To the Editor The study by Schoppy et al1 provides information that furthers the dialogue about how surgical margins are assessed, both intraoperatively and on formalin-fixed specimens, and offers a seemingly attractive and clinically meaningful quality measure in head and neck surgery: a negative margin rate of 90%. The authors appropriately note a major limitation of this study—variation in margin sampling techniques across surgeons. By design, the authors could not define the source of negative margin: was margin status deduced from the actual resection specimen or tumor bed biopsies? How is the adequacy of margin revision determined?2,3 This limitation makes the proposed metric of a “90% or higher negative margin” rate a nonactionable one.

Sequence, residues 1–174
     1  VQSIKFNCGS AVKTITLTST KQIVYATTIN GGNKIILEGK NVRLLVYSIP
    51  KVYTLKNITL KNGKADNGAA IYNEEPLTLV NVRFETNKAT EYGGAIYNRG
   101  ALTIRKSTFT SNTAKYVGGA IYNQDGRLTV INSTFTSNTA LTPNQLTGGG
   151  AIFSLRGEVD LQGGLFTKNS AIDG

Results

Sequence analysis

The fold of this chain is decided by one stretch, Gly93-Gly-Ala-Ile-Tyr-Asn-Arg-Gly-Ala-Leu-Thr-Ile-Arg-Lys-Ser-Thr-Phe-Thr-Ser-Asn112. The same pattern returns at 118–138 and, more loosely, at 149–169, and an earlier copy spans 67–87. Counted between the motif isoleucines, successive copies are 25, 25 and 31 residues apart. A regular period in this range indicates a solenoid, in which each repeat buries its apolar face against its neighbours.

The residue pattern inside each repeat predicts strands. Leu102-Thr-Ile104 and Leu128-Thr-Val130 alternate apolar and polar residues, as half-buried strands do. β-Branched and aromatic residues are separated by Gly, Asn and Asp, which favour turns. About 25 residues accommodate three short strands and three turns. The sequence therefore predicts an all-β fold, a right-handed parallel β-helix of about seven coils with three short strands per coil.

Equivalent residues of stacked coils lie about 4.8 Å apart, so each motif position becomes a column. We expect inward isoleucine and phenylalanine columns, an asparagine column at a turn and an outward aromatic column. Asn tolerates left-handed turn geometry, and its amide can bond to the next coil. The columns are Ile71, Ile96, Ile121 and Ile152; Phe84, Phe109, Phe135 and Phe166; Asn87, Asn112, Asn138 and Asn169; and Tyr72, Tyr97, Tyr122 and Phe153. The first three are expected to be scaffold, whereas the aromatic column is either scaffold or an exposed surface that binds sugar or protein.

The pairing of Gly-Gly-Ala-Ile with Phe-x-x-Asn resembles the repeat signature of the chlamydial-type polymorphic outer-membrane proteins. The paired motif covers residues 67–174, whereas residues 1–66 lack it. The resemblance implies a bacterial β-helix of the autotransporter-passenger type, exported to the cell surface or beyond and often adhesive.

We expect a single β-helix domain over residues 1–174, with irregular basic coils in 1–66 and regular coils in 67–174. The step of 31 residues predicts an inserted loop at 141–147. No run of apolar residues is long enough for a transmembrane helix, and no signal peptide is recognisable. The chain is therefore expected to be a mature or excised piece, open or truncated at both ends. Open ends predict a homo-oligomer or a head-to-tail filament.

Duvvuri U, Johnson JT, Chiosea SI. Standardized Margin Assessment Is Needed Before Implementing Negative Margin as a Quality Measure. JAMA Otolaryngol Head Neck Surg. 2018;144(6):541–542. doi:10.1001/jamaoto.2018.0074
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